The Election Commission is likely to face obstacle in holding Urban Local Bodies election in Nagaland as a number of civil society organisations in the state declared indefinite bandh from 27th January, if the state government does not postpone polls as demanded.
After Manipur, Nagaland is the second state in the north eastern region of the country where the Election Commission is facing trouble in holding election.
A public meeting held in Dimapur by the civil society groups on Monday passed the resolution that indefinite bandh in the state would be followed from 27th of January if the state government does not decide to defer the polls until the Municipal Act is reviewed, as per their demand, reported Eastern Mirror Nagaland.
"The public rally called by the Joint Coordination Committee formed by several apex tribal organisations demanding the government to postpone the civic polls witnessed a mammoth turnout at the State Stadium on Monday and resolved to give the government four more days till 26 January to postpone or else face indefinite closure in the entire state," stated the report.
The civil society groups in Nagaland have been demanding postponement of the polls since the ULB election was declared on 21st December.
The polls are slated for 1st of February.
Civil society organisations in Nagaland view the newly implemented Municipal Act which provides 33% reservation of seats for women, as opposed to the customary laws of the Naga tribes.
Hokiye Sema, the President of Central Naga Tribal Council, which also demands abolishing of the provision of reservation for women in the civic polls, told Firstpost, “In Naga society a woman is not considered to be equal to men. She is not even allowed to speak in Panchayat until and unless she is summoned by it. Providing 33% reservation to women amounts to giving her the same status as men and it gives men inferiority complex.”
He also said that the Naga society has been following the customary laws for more than thousand years and those cannot be just wiped out.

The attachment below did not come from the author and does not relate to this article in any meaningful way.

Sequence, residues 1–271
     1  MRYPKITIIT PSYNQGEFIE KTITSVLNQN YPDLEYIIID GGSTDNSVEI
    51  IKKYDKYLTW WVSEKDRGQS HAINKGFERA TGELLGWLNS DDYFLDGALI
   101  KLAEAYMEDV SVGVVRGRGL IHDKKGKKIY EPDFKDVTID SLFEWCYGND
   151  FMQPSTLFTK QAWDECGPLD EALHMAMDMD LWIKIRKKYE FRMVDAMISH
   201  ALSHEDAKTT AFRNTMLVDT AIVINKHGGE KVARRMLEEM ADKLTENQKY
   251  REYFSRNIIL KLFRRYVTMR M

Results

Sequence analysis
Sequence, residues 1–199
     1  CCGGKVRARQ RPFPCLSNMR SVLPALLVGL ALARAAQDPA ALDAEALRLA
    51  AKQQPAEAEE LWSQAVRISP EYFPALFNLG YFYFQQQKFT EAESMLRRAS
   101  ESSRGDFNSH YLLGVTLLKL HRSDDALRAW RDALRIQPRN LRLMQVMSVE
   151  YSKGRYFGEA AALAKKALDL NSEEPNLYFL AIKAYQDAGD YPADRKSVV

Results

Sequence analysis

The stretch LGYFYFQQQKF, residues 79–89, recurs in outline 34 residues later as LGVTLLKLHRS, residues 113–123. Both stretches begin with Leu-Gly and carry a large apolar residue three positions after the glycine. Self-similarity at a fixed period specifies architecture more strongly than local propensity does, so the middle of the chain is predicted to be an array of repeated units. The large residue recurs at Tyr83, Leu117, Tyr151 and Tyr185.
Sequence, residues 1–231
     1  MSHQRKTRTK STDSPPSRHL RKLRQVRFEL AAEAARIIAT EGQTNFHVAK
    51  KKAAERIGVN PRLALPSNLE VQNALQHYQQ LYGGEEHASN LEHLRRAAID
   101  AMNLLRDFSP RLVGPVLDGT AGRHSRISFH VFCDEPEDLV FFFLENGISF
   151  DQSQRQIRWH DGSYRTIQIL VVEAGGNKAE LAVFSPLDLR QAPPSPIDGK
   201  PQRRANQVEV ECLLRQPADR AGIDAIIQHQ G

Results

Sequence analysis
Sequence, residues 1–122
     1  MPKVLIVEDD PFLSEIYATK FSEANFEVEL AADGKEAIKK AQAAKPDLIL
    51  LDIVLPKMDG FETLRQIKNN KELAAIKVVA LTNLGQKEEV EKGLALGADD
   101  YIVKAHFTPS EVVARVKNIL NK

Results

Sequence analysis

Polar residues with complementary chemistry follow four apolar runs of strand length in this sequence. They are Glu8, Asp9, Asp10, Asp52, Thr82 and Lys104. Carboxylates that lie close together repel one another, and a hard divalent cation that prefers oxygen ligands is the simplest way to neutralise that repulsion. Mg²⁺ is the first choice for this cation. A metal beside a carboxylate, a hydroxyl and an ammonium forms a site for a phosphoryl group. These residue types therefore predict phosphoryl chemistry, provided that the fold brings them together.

He added that it is the government’s responsibility to protect the rights of the Naga People as provided for in the Constitution of India in the Article 371(A).
The Article 371(A) in the constitution says, “Notwithsatanding anything in this Constitution, (a) no Act of Parliament in respect of (1) religious or social practices of Nagas,(2) Naga customary law and procedure,(3) and administration of civil and criminal justice involving decisions according to Naga customary law,(4) ownership and transfer of land and it’s resources, shall apply to the state of Nagaland unless the Legislative Assembly of Nagaland by a resolution so decides."
The bandh, if implemented, would be another stumbling block for the state trying to hold civic elections to put in place a proper democratic structure.
The bandh could be directly seen as an attempt to avert the implementation of a constitutional mandate to hold elections in a state. The 74th amendment of the Indian Constitution mandates that every Urban Local Body has to have elected representatives in the lines of Panchayati Raj in the rural areas.
Moreover, it could also stall the implementation of the smart city project in Kohima, which is one of the major developmental projects planned in the state. According to the guidelines of the smart city project, a city has to have an elected urban local body to implement the project. The guideline mandates that a Special Purpose Vehicle is to be formed in participation with the Urban Local Bodies. "The implementation of the Mission at the City level will be done by a Special Purpose Vehicle (SPV) created for the purpose. The SPV will plan, appraise, approve, release funds, implement, manage, operate, monitor and evaluate the Smart City development projects. Each smart city will have a SPV which will be headed by a full time CEO and have nominees of Central Government, State Government and ULB on its Board," reads the project guidelines.
Then comes the threat of detoriarating the law and order situation in an a state where public order implementation is already difficult. The insurgent groups who still are not into the Naga Peace Talks process may also take advantage of the hostile situation in the state — the Centre has been engaging in peace talks with NSCN(IM), another major banned outfit NSCN(Khaplang) continues to be out of the peace process.
The bandh also does not bodes well for Manipur that is already reeling under financial crisis induced by constant blockades placed by local Naga groups, that are protesting against the state government's policies. The centre recently sent 4,000 paramilitary force to Manipur to contain law and order situation erupted by the economic blockade imposed by the United Naga Council. The economic blockade has resulted in acute shortage in fuel and essential commodities. And the Nagaland bandh will further cripple the supply chain as the declared bandh may further obstruct the highways connecting to the state.
Published Date: Jan 24, 2017 21:53 PM | Updated Date: Jan 24, 2017 22:00 PM